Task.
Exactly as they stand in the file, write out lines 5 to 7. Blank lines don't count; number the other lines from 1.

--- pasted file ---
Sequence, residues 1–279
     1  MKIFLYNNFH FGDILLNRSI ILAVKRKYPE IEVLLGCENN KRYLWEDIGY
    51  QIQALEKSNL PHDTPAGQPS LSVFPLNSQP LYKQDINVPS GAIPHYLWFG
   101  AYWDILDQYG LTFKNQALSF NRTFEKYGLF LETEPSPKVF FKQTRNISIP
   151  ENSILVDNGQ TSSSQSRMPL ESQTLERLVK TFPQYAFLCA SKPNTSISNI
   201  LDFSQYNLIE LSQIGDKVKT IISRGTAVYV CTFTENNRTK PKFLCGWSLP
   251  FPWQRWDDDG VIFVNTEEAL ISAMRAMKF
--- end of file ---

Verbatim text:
   151  ENSILVDNGQ TSSSQSRMPL ESQTLERLVK TFPQYAFLCA SKPNTSISNI
   201  LDFSQYNLIE LSQIGDKVKT IISRGTAVYV CTFTENNRTK PKFLCGWSLP
   251  FPWQRWDDDG VIFVNTEEAL ISAMRAMKF